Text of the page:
BE IT FURTHER resolved that this organization work with the Illinois Department of Children and Family Services to develop implementing regulations that insure proper training of professionals who work with parents when necessary, and work with courts and others to fully implement this legislation.
Resolution 2017-02: RESOLUTION COMMENDING CONGRESSWOMAN JAN SCHAKOWSKY FOR SUPPORT OF LEGISLATIVE INITIATIVES
WHEREAS, since its founding in 1940, the National Federation of the Blind has strived to improve the quality of life for those who are blind through a variety of programs and initiatives; and
WHEREAS, one significant way to improve the quality of life for those who are blind is to introduce legislative initiatives in a variety of areas including education, social security reform, employment initiatives and development of technology; and
WHEREAS, during the past decade, one member of congress from Illinois has either sponsored or cosponsored legislation addressing a variety of areas in every Congressional session; and
WHEREAS, This representative has during the past decade, sponsored legislation meant to make home appliances more accessible for those who are blind; and
WHEREAS, this representative has consistently cosponsored legislation meant to improve employment conditions through her support of legislation that guarantees all blind workers a salary equal to the Federal Minimum wage; and
WHEREAS, this representative is currently a cosponsor of HR1377 the Transitioning to Integrated Meaningful Employment Act, as well as HR1735 the Access Technology Affordability Act: Now, therefore,
BE IT RESOLVED by the National Federation of the Blind of Illinois in convention assembled this 29th day of October in the city of Naperville Illinois, that this organization commend Representative Jan Schakowsky for her ongoing support of legislative initiatives proposed by the National Federation of the Blind.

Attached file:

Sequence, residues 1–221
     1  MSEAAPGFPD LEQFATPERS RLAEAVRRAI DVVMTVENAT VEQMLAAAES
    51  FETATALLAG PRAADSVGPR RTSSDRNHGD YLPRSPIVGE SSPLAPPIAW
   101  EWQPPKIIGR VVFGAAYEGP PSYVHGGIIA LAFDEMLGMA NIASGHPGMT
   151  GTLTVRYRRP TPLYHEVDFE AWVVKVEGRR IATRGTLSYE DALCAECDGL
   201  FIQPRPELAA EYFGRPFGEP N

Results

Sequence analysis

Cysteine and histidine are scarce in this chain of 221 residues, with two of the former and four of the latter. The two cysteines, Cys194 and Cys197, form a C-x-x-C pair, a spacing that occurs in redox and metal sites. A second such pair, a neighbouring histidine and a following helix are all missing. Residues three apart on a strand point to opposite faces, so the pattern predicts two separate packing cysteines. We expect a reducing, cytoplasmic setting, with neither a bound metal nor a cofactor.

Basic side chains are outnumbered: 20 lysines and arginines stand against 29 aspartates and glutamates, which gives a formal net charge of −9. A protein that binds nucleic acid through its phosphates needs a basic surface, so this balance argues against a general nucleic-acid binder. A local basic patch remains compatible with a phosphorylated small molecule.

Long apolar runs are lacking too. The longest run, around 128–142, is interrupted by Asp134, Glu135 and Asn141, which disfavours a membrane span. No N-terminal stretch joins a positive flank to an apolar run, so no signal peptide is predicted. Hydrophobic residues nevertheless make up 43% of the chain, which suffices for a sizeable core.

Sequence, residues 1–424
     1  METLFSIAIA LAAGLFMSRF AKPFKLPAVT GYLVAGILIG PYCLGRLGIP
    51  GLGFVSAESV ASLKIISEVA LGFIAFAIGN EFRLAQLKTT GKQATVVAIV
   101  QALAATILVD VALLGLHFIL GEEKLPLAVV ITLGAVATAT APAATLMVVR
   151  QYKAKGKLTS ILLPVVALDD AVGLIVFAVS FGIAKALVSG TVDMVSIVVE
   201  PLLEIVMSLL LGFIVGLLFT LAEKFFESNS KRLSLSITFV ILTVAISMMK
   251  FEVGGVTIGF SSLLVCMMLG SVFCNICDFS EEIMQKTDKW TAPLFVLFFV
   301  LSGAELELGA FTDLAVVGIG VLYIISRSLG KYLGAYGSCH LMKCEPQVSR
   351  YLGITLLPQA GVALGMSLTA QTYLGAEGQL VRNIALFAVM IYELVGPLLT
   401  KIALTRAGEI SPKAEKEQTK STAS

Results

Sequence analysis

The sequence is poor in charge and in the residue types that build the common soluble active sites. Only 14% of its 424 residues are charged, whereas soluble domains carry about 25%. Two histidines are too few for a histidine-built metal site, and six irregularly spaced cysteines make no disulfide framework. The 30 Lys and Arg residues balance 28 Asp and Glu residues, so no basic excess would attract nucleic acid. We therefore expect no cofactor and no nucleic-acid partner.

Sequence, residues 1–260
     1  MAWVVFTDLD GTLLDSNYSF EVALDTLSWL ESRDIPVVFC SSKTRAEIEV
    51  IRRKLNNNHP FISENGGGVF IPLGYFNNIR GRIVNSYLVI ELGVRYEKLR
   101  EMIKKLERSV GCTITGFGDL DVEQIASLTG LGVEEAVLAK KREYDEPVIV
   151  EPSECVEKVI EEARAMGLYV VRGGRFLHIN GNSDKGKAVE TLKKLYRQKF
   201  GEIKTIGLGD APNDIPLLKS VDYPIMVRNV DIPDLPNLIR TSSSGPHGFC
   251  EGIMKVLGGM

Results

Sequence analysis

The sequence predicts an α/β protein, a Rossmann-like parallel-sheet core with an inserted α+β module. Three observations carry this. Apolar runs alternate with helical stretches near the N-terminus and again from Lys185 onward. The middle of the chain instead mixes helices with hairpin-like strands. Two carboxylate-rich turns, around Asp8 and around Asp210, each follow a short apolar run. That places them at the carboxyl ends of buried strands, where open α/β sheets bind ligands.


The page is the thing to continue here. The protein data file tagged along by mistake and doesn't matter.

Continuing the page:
Resolution 2017-03: Regarding the introduction, testing and accessibility to the blind of Autonomous Vehicles in Illinois
WHEREAS, the National Federation of the Blind is looking into the future when it comes to the blind and driving, and autonomous vehicles will allow the blind to drive independently; and
WHEREAS, access to autonomous cars will not only increase the independence of the blind by eliminating the need to coordinate with the schedules and willingness of available sighted persons, but, will increase safety for all; And
WHEREAS, certain Chicago alderpersons, noting concerns such as automated vehicles being used by terrorists, displacement of employment opportunities for taxies, pizza delivery persons, and other similarly luddite concerns, have proposed strict regulations to delay or even thwart the deployment of autonomous vehicles in Chicago; And
WHEREAS, sUCH DELAY WOULD detrimentally impact the independence and safety of the blind and of others needing reliable affordable transportation; And
WHEREAS, autonomous vehicles, to be useful to the blind, need to include accessible technology that allows the blind to monitor speed and environmental conditions , and to enter destination information or intervene to the same extent available to the sighted: Now, Therefore,